Organisations need to collect data in order to comply with regulations such as minimum wage, working time directive, health and safety and even health and safety. 2) Keeping training and performance records on employees enables management to assess individual productivity and performance and allows them to help the employee reach there full potential and in turn increase productivity.
Two Types Of Data Collected and How Each Supports HR Practices 1) Statutory Records – Such as tax, national insurance contributions, sickness and SSP, hours worked and accident book. These types of records ensure that the HR department complies with all regulatory requirements 2) Organisational Records – Such as Recruitment and Selection records, absence, staff turnover records, learning and development records.
These types of records are essential for the HR department and allows them to monitor staffing levels and recruit when necessary, monitor staff sickness to ensure productivity is not being affected and also to if there is anything the organization can do to cut down on sickness levels and records to ensure that staff are maintaining a high level of efficiency through learning and development activities. Two Methods of storing records and benefits of each Manual System: Filing Cabinet – Files are easily accessible and doesn’t require a computer to be turned on.
Manual system cannot be affected by loss of power or hackers cannot access a manual filing system from another computer Computerised System: The benefits of a computerised filing system are numerous, and include reduced costs to the company, benefits to the environment, increased ease of sorting, finding, and moving documents. Another benefit is that it allows the office to operate in a smaller environment, because a great deal of space is not required for storing documents in a paper filing system. Two Essential Items of UK Legislation relating to Recording and Storing HR Data Data Protection Act 1998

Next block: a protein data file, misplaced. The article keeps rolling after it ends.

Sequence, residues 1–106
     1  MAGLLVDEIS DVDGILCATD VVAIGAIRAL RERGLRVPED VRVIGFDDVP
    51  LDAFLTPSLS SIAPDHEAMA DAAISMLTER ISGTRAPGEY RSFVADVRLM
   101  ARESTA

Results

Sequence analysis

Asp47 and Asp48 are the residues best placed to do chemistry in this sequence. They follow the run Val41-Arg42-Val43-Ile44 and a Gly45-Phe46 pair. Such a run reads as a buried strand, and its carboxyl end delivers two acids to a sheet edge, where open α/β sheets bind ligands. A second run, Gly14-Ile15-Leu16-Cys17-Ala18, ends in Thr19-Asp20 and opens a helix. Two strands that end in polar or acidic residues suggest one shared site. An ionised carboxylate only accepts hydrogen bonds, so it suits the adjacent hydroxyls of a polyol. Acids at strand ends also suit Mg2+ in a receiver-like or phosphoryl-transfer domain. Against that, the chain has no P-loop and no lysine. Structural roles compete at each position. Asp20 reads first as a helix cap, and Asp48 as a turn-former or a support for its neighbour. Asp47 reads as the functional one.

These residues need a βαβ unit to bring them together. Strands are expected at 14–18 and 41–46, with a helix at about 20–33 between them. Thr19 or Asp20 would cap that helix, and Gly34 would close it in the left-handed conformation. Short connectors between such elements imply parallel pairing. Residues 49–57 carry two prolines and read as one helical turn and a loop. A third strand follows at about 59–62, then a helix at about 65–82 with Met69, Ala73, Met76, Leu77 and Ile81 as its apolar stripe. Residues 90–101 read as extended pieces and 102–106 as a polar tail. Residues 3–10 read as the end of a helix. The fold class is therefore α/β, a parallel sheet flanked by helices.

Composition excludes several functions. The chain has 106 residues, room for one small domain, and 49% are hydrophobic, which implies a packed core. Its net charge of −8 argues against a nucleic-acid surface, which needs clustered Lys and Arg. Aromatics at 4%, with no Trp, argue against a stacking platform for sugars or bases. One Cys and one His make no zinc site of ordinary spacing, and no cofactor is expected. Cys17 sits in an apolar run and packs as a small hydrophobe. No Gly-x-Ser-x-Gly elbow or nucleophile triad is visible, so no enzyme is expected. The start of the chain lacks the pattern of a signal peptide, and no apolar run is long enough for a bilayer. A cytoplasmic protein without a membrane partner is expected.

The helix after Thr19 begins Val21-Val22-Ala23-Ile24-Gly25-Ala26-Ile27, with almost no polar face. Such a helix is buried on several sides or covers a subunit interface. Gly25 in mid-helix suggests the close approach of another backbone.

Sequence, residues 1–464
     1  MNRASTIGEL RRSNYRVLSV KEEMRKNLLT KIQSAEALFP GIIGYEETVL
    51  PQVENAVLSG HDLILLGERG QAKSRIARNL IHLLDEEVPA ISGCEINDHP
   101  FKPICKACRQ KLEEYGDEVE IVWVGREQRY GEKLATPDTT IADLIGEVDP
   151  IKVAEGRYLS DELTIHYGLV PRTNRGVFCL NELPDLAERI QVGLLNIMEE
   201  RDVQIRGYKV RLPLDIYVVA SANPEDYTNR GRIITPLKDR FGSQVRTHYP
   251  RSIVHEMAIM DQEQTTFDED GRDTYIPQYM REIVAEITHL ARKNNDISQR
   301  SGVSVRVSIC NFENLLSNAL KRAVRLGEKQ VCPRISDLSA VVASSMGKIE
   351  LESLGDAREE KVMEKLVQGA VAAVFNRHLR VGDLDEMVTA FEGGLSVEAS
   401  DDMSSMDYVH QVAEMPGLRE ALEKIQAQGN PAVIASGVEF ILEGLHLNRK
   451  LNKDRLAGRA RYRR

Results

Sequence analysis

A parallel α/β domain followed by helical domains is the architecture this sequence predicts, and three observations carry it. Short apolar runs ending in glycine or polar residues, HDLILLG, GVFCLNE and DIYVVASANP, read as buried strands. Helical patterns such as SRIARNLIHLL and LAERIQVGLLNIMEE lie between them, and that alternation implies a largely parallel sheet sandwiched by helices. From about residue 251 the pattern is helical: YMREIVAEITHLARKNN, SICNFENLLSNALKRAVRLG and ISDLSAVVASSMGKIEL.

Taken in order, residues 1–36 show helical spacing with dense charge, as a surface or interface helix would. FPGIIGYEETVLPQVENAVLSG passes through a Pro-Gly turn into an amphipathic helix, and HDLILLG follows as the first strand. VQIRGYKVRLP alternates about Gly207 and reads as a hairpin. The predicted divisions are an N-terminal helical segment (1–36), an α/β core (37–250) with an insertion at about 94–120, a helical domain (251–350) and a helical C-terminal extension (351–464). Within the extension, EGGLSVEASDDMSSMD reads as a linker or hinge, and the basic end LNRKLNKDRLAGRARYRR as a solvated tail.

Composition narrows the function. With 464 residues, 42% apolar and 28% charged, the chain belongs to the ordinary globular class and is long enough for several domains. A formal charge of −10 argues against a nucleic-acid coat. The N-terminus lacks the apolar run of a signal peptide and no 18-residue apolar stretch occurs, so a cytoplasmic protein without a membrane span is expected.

The Data Protection Act 1998 applies to most personnel records, whether held in paper or computerised format. Under the Data Protection Act, data must not be kept any longer than is necessary for a particular purpose. Computerised systems are covered by the law, as are certain manual systems: to be covered, manual systems must be organised into a ‘relevant filing system’. Subject to certain exceptions as detailed in Schedule 7 of the Data Protection Act, employees have the right to access their records and the employer is under an obligation to ensure that the data is accurate.
Before releasing such data to a third party, the employer must seek the permission of the individual concerned. The Information Commissioner has issued an Employment Practices Data Protection Code in four parts: • Part 1: Recruitment and selection • Part 2: Employment records • Part 3: Monitoring at work • Part 4: Information about workers health. In the event that employment contracts/accident record books and other personnel records are needed for the purpose of a legal action, the riginals must be made available if possible or the employer must explain what happened to the original documents backed up by what is known as a ‘statement of truth’.
When employers really no longer need to keep certain data, destruction must take place securely and effectively, for example by shredding. Freedom of Information Act (2000) NI The Freedom Of Information Act gives people the right to ask any public body for information they have on any subject you choose. Also, unless there’s a good reason, the organisation must provide the information within 20 working days.
You can also ask for all the personal information it holds on you. The act applies to all ‘public authorities’ including: • government departments and the Northern Ireland Assembly • local authorities • health trusts, hospitals and doctors surgeries • schools, colleges and universities • publicly funded museums • the police • many other non-departmental public bodies, committees and advisory bodies Any person can make a request for information under the Act – there is no restrictions on your age, nationality, or where you live.
You can ask for any information at all – but some information might be withheld to protect various interests which are allowed for by the Act. If this is the case, the public authority must tell you why they have withheld information. If you ask for information about yourself, then your request will be handled under the Data Protection Act; if you ask for information about other people (third parties), the Freedom of Information Act will apply. However, disclosure of personal information which would breach anyone else’s rights under the Data Protection Act is not permitted.